By Trent Rentsch
It doesn’t surprise me that several mummies have been discovered lately. I’m not talking about the ones found in pyramids or underground in stone crypts around the world, I’m talking about ones like the remains of the woman in Croatia discovered several months ago sitting in a recliner in her living room, mummified. Heck, if it wasn’t for my wife and stepson here in the house, it wouldn’t surprise me to be found that way sometime in the future… dried hands still laying on the keys of my computer, 3 and a half paragraphs of my book glowing from the dusty monitor, cursor still blinking in mocking glee.
I’m not really being morbid or pessimistic… not really. My life is in transition, and until somebody decides the old man is worth hiring, I spend much of my day in my office/studio — checking out job sites, honing my writing and production skills, and yes, working on the long considered book. I don’t get out much these days, which is probably just as well, considering gas prices. But the sobering thing is how comfortable I’ve become sitting here, surrounded by my stuff, largely ignoring the world outside.
It’s a dangerous position for a Creative. Lack of interaction… the Creative well is gonna dry up, plain and simple. And more and more, there are Creatives working out of their homes, their only “face time” with clients being emails, production orders, and occasional phone calls. It was tough enough to keep the Creative coming, holed up in the radio station’s production studio all day long. Now, hidden away in one’s home, it could become a real problem. John Donne was right… humans don’t thrive when isolated from others.
I’ve decided to create my own 12 Step program to kick the drug that is isolation. While it’s designed to get the homebound Creative off their butt and interact, it certainly wouldn’t hurt the Creative in the day to day office world to add these strategies to their day too… the occasional visitor to your studio for revisions is NOT a substitute for real interaction.
Form your own network. On the surface this seems like another version of isolation, but this is the first baby step. Get on the internet and join one of the endless radio forums available. Jump into the conversation, pay attention and find like-minded people. Then begin writing them personally, with the intent of starting a group that can interact in a more personal, day-to-day level. Not everybody is up for this, but you’d be surprised how many people are. Create your own little email group, and encourage discussion… or just plain old silliness. A group of folks in the same boat can be a strong anchor for each other, whether it’s sharing ideas for how to handle a script, or sharing a goofy song parody. Not only will it get a connection going to the outside world, but networking might even open opportunities in the future that you never imagined.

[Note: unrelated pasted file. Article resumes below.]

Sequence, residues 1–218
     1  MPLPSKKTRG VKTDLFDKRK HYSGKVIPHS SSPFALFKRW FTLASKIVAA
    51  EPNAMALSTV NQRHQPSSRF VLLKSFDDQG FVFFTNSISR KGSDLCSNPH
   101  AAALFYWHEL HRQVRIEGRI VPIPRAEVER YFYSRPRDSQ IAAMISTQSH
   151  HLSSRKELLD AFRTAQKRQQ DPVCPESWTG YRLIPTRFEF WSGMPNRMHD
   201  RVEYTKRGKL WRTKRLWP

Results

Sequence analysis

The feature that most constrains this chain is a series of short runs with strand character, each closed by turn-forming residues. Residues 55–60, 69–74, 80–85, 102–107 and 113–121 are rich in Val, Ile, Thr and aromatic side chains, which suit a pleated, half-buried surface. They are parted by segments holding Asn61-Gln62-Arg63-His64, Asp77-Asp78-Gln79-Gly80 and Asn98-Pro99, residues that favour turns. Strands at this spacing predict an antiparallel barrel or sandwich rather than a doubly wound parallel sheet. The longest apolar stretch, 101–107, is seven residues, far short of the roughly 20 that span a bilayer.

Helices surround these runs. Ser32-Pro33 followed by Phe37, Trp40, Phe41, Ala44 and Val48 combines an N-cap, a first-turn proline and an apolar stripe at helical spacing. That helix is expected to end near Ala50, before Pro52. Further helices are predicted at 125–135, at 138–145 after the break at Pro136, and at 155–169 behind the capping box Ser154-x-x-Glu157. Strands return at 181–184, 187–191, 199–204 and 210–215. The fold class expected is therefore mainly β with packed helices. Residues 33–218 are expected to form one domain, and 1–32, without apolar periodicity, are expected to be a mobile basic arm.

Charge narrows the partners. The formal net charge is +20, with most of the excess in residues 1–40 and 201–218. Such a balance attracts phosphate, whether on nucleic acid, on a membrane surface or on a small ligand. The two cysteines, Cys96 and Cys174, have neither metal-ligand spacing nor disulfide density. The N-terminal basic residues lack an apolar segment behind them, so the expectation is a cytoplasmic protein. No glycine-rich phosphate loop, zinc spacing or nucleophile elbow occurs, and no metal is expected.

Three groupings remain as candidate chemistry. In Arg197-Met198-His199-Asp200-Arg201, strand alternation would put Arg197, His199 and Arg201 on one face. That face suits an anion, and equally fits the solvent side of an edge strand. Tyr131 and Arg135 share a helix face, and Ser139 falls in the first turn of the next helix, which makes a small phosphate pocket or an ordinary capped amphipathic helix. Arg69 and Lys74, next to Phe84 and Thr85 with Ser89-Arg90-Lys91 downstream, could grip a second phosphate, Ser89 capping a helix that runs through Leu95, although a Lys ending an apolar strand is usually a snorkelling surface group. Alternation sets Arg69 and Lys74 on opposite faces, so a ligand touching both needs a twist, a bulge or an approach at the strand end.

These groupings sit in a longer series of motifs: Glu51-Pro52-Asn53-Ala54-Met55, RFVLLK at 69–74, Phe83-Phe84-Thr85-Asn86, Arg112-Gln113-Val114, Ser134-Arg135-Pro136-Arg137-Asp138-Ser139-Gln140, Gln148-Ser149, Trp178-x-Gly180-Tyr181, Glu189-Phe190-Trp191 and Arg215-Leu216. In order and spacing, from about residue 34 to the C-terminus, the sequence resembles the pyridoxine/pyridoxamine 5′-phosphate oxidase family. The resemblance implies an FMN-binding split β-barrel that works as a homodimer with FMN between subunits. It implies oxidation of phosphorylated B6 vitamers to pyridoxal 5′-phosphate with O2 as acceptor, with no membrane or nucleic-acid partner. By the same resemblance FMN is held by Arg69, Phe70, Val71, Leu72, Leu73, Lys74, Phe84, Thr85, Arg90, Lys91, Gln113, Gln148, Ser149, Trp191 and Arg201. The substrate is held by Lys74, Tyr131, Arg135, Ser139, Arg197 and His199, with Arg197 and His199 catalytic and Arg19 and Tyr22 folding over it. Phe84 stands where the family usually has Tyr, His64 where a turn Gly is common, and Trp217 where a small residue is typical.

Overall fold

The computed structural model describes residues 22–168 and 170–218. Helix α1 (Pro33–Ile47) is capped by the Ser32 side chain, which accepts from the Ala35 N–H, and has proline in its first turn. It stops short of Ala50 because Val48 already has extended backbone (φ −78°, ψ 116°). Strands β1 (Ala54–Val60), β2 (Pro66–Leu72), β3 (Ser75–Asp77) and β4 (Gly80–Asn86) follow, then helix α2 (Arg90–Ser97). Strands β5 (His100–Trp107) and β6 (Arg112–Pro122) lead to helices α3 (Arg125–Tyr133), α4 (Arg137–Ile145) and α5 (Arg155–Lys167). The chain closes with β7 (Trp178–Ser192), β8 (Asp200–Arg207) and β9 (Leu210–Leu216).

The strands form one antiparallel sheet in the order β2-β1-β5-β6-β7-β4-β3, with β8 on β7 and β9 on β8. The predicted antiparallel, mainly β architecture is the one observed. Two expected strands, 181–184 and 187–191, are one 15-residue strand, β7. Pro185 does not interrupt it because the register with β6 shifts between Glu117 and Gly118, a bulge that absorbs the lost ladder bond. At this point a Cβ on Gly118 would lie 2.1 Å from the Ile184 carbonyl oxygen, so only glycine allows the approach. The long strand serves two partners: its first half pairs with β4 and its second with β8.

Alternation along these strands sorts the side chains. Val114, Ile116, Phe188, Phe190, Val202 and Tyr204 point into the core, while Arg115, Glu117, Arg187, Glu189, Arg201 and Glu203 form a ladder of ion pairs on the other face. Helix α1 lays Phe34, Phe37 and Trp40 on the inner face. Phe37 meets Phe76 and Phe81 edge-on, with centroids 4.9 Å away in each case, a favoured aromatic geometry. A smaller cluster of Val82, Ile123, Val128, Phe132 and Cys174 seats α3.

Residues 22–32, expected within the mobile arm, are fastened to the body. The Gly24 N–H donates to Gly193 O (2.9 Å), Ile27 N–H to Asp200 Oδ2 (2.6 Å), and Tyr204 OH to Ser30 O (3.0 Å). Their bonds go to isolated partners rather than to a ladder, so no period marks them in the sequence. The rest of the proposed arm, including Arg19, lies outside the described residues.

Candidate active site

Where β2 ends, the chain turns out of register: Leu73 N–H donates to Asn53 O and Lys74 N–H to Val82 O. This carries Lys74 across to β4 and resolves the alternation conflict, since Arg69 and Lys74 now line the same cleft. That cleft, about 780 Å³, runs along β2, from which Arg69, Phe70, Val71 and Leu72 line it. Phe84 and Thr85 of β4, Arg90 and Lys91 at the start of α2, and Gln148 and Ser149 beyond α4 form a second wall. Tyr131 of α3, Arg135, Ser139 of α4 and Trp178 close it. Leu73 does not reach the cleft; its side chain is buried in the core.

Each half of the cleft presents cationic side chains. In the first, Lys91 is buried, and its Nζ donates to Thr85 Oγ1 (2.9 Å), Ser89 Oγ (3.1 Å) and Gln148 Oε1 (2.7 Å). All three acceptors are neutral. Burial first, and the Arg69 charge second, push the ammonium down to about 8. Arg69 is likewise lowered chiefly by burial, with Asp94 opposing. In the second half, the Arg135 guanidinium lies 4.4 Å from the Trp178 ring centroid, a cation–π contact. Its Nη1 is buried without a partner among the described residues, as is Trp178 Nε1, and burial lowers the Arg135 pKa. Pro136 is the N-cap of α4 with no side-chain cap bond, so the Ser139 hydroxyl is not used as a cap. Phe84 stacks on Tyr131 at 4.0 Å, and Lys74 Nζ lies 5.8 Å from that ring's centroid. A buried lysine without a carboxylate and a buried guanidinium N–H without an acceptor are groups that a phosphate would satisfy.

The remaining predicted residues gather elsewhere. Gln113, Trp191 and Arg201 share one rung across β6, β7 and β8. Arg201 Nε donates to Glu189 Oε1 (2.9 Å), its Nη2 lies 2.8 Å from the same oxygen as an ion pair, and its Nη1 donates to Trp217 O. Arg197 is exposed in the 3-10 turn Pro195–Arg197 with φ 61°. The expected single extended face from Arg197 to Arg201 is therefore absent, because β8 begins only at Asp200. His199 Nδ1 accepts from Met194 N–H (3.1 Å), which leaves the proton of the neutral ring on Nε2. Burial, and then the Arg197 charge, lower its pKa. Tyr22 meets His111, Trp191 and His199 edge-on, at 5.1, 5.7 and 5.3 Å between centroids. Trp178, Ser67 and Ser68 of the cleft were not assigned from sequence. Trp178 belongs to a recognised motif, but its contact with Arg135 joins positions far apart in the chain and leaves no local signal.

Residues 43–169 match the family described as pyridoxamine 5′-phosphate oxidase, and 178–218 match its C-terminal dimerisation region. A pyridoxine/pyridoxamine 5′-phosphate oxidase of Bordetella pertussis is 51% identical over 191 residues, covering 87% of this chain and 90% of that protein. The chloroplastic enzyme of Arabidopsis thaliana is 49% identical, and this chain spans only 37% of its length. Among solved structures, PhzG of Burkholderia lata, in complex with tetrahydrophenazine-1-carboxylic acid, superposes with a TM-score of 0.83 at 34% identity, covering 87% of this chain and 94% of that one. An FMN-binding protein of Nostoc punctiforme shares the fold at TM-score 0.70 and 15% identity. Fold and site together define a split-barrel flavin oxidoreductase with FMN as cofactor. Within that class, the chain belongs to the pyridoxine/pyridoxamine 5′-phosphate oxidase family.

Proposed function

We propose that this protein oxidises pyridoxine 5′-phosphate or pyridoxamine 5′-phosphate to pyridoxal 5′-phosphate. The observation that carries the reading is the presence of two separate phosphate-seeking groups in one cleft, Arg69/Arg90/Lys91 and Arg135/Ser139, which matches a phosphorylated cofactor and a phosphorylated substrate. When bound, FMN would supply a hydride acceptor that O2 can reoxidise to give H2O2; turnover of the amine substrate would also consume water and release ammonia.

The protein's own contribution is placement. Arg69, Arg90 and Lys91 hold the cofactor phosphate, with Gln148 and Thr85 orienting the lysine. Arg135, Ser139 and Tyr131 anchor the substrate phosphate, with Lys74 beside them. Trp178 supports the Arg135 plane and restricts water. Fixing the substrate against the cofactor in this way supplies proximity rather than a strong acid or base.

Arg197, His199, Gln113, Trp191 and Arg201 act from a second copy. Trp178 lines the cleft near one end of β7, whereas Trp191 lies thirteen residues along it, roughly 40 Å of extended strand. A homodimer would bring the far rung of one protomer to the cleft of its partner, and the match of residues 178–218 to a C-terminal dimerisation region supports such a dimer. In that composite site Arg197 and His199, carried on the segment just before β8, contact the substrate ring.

Take a walk. Outside, thank you; this isn’t a stroll to the fridge for more diet coke. Don’t think about the project at hand, don’t think about the buzz in your pre-amp… in fact, it’s best to try to clear your mind completely and simply be. Smell flowers, feel the wind, watch people, take it all in… no thinking, just soak it up. Relax, put a smile on your face, and give yourself a walk. It might not be a people connection (although you never know what a walk might bring), but it’s a step outside your cave into life and the real world.
Get a cup of Joe. Again, this isn’t a mug of your favorite home brew, this means walking or driving somewhere for a hot cup served up by another human being. Talk to that person behind the counter, if only for a minute or two. “How’s your day?” “What blend would you suggest?” “You been busy (or slow) like this all day?” Ask questions like these and you might just have some real interaction with another human… or not, but at least you tried. And don’t just buy and run, sit down, sip, soak up the environment, feel life happening. If coffee isn’t your thing, how about a shake, or tea… doesn’t matter as long as you’re not using the drive thru and are actually hanging with other humans.
Do lunch. This is a step beyond having coffee, because you’re going to eat with a friend or relative. Call somebody you used to work with, or your brother, or your wife and invite them out for lunch. I didn’t realize just how important this could be until a friend called me earlier this summer and said we needed to have lunch since our wives had the week before. It was great on so many levels. I got out of the house. I spent time with a friend who lives outside the Creative world. We talked about things we’ve never talked about when the wives were around (like, well, the wives). And I witnessed people doing things that will end up in a spot at some point.
Join the Club. Nobody works all the time. Even though I tell people that my hobbies ARE my profession, if I’m honest with myself I do have other interests. I mentioned magic a couple of months ago, yeah, I’m one of those “pick a card” guys. I’ve discovered a group of magicians in my area who meet a couple of times a month to perform, talk, and share their interest in magic… and I intend to join them. It doesn’t matter what you’re into, from building computers to re-building old cars, odds are there’s a group near you that gets together to share that interest. It not only gets you out of the house and interacting with others, but will also fill you up with new experiences; a few extra gallons in that Creative well. Inspiration can come from anywhere.
Like any 12 Step program, this one is a work in progress (which explains why I only have 5 steps so far). The important thing to take away from this is that we’re meant to interact with each other if we’re going to survive… and not just Creatively. Isolation… the true curse of the mummy.